Howard Stern is adding his voice to the very public, very messy back-and-forth between Kelly Clarkson and Clive Davis. The radio shock jock, who is known more often for slamming celebrities than defending them, took a surprisingly sympathetic stance toward the American Idol alum's accusations that Davis had "bullied" her during their collaborations — and mischaracterized her in his memoir, The Soundtrack of My Life.
"I always find it sickening when management guys like to set the record straight about how f–king creative and what geniuses they are," Stern said on his show on Wednesday, Feb. 20. "And, like, this guy's trying to diminish what she does? Doesn't he have enough in life? Can't he sort of tell his story without f–king degrading her and putting her down?"
Earlier this week, Clarkson, 30, took to her blog to slam what she called Davis' "memory lapses and misinformation."
"First, he says I burst into 'hysterical sobbing' in his office when he demanded 'Since U Been Gone' be on my album. Not true at all," she wrote of her 2004 album Breakaway. "I cried because he hated ["Because of You"] and told me verbatim that I was a 's–tty writer who should be grateful for the gifts that he bestows upon me.'"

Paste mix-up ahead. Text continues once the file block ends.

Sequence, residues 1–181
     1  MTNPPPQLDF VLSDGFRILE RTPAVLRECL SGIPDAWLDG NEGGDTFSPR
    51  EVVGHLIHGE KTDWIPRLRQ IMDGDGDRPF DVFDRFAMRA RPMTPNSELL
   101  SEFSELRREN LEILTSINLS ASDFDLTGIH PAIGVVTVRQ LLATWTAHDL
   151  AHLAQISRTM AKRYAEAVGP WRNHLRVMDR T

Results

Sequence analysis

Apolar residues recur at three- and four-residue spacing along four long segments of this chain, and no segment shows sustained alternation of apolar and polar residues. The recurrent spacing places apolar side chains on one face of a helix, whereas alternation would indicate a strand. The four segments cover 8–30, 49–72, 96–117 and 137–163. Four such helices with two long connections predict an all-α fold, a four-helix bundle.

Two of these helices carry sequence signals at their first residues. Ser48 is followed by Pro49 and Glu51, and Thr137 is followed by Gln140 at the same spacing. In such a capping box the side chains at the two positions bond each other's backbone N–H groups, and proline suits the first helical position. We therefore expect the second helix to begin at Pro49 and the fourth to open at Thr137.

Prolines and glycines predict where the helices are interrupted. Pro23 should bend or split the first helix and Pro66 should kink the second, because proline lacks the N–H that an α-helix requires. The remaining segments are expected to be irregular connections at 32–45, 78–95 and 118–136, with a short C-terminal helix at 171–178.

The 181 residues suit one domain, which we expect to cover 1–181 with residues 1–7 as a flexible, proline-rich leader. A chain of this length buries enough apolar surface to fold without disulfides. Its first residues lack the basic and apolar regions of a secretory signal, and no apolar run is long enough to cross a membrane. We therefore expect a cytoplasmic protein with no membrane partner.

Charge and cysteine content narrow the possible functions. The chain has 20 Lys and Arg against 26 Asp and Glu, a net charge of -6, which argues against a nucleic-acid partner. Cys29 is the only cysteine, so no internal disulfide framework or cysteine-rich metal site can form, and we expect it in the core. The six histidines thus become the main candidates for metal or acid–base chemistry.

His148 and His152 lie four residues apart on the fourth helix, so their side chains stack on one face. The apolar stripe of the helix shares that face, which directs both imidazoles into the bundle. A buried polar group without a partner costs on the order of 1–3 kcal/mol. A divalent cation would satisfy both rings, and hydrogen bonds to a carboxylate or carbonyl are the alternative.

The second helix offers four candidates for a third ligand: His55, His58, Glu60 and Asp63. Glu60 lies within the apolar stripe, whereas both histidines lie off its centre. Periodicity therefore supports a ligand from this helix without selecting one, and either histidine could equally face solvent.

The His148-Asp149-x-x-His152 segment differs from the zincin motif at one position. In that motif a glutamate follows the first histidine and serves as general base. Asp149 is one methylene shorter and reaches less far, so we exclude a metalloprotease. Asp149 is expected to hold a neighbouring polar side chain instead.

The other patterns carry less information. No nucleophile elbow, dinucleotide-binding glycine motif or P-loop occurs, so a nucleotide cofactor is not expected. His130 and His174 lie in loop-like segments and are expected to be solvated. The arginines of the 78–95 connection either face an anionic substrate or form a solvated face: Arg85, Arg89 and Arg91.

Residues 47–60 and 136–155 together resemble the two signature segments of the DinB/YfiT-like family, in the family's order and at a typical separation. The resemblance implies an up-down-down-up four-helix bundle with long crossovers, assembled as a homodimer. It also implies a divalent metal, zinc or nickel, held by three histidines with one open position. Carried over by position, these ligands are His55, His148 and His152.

The legendary 80-year-old record producer defended the details of his memoir, though he did own up to "a few creative differences' in their years working together.
"As anyone who has read The Soundtrack of My Life knows, I think Kelly Clarkson is a tremendous vocal talent and performer," he wrote on Twitter one day later, on Wednesday, Feb. 20. "In the book, I provide an in-depth look at our years together during which we shared major multi-platinum success, as well as a few creative differences. I am truly very sorry that she has decided to take issue with what I know to be an accurate depiction of our time together."
Stern's comments Wednesday similarly praised Clarkson's vocal prowess, though he too saw Davis' memoir as a knock on the "Stronger" singer's talents.
"I think she has an amazing voice, and the girl has worked hard to get to where she is," he said. "I don't understand Clive Davis' motivation for knocking this chick down."
The 59-year-old radio host is no stranger to controversy himself, having come under fire earlier this year after calling Girls creator Lena Dunham a "little fat girl" and likening the HBO show's sex scenes to "rape" — he offered Dunham an on-air apology a few days later.
"It makes me feel bad, and I think she is getting the impression that I somehow think she's just a talentless little fat chick," he said.
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